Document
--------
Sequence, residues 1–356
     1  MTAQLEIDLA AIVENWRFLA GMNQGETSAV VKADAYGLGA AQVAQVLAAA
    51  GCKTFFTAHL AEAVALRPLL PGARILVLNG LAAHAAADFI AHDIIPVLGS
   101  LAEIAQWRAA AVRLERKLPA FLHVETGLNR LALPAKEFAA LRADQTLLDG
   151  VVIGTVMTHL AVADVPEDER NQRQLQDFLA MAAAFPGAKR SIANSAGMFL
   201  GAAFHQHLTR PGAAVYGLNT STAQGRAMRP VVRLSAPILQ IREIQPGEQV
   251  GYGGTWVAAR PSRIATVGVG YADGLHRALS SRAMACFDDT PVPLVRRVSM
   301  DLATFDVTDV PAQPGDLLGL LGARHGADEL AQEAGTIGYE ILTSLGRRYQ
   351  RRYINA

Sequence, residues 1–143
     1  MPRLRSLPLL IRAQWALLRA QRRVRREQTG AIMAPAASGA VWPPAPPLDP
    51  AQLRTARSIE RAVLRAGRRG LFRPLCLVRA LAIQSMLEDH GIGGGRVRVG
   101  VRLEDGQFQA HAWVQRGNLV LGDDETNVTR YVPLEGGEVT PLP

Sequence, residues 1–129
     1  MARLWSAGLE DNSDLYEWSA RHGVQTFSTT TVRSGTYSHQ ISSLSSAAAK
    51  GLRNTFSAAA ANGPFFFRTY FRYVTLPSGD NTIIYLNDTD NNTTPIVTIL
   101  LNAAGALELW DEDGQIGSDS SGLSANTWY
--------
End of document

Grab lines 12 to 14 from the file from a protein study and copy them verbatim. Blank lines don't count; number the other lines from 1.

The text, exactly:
    51  AQLRTARSIE RAVLRAGRRG LFRPLCLVRA LAIQSMLEDH GIGGGRVRVG
   101  VRLEDGQFQA HAWVQRGNLV LGDDETNVTR YVPLEGGEVT PLP

Sequence, residues 1–129